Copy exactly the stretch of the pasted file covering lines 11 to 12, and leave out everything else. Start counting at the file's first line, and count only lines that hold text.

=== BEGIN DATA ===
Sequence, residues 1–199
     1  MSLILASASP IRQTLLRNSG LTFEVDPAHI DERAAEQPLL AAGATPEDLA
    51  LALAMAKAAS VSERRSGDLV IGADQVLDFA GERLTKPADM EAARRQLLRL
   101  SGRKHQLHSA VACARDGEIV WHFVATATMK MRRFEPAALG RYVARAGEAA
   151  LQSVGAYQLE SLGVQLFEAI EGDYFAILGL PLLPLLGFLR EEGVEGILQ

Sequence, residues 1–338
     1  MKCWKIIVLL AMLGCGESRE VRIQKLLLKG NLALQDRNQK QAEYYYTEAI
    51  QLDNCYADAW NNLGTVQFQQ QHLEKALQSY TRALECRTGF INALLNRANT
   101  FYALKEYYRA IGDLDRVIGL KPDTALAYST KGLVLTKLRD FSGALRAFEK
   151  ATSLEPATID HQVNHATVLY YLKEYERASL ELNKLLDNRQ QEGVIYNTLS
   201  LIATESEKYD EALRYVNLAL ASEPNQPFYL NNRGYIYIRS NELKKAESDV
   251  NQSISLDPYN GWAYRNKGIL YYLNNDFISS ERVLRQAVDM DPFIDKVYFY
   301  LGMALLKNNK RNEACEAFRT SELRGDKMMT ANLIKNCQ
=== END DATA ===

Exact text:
   201  LIATESEKYD EALRYVNLAL ASEPNQPFYL NNRGYIYIRS NELKKAESDV
   251  NQSISLDPYN GWAYRNKGIL YYLNNDFISS ERVLRQAVDM DPFIDKVYFY